dense in the real numbers, however they are uncountable

These two notions of completeness ignore the eld struc- and have the same cardinality as the reals.

ture. However, an ordered group (in this case, the addi- The real numbers form a metric space: the distance betive group of the eld) denes a uniform structure, and tween x and y is dened as the absolute value |x y|.

uniform structures have a notion of completeness (topol- By virtue of being a totally ordered set, they also carry

ogy); the description in the previous section Complete- an order topology; the topology arising from the metness is a special case. (We refer to the notion of com- ric and the one arising from the order are identical, but

pleteness in uniform spaces rather than the related and yield dierent presentations for the topology in the orbetter known notion for metric spaces, since the deni- der topology as ordered intervals, in the metric topology

tion of metric space relies on already having a character- as epsilon-balls. The Dedekind cuts construction uses

ization of the real numbers.) It is not true that R is the the order topology presentation, while the Cauchy seonly uniformly complete ordered eld, but it is the only quences construction uses the metric topology presentauniformly complete Archimedean eld, and indeed one tion. The reals are a contractible (hence connected and

often hears the phrase complete Archimedean eld in- simply connected), separable and complete metric space

stead of complete ordered eld. Every uniformly com- of Hausdor dimension 1. The real numbers are locally

plete Archimedean eld must also be Dedekind-complete compact but not compact. There are various properties

(and vice versa, of course), justifying using the in the that uniquely specify them; for instance, all unbounded,

phrase the complete Archimedean eld. This sense connected, and separable order topologies are necessarily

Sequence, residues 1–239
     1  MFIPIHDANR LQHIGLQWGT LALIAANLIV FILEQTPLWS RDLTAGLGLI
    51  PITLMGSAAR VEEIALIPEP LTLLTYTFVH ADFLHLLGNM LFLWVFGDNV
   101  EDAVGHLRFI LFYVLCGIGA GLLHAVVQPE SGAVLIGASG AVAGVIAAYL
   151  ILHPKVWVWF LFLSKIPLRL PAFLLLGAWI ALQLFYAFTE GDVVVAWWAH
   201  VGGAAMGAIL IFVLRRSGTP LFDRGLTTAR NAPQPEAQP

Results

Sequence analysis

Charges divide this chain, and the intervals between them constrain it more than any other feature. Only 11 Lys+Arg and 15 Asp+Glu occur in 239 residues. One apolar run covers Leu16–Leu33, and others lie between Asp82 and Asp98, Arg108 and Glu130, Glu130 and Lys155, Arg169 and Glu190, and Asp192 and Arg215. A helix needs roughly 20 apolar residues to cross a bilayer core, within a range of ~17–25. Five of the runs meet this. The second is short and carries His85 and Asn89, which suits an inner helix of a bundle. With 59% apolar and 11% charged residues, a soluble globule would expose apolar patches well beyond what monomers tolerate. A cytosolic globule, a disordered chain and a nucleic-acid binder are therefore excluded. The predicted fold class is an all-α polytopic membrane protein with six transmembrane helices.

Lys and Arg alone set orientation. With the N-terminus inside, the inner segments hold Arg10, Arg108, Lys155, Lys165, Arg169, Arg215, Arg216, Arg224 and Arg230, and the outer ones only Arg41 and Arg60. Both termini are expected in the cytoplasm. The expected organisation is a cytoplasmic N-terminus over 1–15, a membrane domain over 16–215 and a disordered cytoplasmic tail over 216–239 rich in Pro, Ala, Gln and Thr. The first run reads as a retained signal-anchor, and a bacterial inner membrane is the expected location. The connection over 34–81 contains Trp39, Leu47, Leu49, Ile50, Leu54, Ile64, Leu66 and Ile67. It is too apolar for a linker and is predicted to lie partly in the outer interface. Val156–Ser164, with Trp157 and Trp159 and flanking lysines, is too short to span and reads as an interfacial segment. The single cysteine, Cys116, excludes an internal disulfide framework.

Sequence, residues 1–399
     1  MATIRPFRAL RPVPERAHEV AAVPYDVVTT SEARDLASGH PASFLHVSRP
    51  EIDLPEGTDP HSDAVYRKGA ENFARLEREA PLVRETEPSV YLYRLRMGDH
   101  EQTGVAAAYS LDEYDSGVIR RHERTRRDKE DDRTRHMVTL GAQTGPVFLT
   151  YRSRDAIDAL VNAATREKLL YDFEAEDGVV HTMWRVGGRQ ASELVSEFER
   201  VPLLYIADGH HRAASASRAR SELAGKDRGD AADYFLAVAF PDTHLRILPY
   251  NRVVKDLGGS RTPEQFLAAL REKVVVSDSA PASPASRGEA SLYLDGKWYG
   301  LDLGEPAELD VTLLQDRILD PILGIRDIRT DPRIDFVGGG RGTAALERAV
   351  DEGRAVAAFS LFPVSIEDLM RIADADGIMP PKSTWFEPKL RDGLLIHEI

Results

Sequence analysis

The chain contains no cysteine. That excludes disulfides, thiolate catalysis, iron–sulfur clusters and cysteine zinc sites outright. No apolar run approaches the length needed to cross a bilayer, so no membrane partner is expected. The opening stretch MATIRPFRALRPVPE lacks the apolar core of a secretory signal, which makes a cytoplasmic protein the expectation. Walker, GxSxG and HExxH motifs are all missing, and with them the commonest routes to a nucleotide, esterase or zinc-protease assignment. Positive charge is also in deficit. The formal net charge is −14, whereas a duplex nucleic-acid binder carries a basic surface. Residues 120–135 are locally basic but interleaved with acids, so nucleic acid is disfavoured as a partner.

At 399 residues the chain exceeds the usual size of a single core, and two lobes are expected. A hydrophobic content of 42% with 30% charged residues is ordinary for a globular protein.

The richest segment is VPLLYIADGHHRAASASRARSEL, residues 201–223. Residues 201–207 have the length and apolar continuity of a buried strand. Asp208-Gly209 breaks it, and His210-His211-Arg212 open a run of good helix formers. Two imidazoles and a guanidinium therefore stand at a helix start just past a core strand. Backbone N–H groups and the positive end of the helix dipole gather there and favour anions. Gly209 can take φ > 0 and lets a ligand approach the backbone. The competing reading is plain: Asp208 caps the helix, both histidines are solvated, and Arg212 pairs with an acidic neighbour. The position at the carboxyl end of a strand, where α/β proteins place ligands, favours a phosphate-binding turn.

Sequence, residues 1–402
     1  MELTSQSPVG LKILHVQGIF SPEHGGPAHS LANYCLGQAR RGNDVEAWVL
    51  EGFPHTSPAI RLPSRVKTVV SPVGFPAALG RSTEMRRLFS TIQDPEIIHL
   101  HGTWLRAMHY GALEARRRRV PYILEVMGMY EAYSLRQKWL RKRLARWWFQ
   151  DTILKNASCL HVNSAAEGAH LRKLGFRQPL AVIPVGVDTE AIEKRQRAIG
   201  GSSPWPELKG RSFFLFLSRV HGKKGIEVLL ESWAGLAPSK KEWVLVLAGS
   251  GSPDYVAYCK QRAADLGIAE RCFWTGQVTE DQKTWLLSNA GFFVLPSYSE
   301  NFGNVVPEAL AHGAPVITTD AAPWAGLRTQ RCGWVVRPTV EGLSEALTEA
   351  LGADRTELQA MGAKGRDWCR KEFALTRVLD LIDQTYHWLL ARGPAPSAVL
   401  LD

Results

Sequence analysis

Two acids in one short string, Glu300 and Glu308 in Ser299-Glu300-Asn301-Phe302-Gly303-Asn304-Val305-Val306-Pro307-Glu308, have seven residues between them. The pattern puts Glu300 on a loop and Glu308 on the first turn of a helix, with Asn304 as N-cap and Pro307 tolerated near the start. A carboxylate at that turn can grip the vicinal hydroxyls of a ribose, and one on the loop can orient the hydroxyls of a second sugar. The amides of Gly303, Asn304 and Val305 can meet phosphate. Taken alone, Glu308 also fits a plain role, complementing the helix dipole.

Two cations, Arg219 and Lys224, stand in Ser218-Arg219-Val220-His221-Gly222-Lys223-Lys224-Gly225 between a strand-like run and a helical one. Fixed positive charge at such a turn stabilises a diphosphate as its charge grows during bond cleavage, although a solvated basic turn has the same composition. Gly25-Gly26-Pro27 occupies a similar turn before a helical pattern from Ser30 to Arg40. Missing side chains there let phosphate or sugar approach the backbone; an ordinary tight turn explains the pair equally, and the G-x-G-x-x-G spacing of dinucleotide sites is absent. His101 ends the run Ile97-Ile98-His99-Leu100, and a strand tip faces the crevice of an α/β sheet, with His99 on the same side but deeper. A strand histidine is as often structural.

of completeness is most closely related to the construc- homeomorphic to the reals.

tion of the reals from Cauchy sequences (the construction Every nonnegative real number has a square root in R,

carried out in full in this article), since it starts with an although no negative number does. This shows that the

Archimedean eld (the rationals) and forms the uniform order on R is determined by its algebraic structure. Also,

completion of it in a standard way.

every polynomial of odd degree admits at least one real

But the original use of the phrase complete

Archimedean eld was by David Hilbert, who meant

still something else by it. He meant that the real numbers

form the largest Archimedean eld in the sense that every

other Archimedean eld is a subeld of R. Thus R is

complete in the sense that nothing further can be added

to it without making it no longer an Archimedean eld.

This sense of completeness is most closely related to the

construction of the reals from surreal numbers, since

that construction starts with a proper class that contains

every ordered eld (the surreals) and then selects from it

the largest Archimedean subeld.

of a real closed eld. Proving this is the rst half of one

proof of the fundamental theorem of algebra.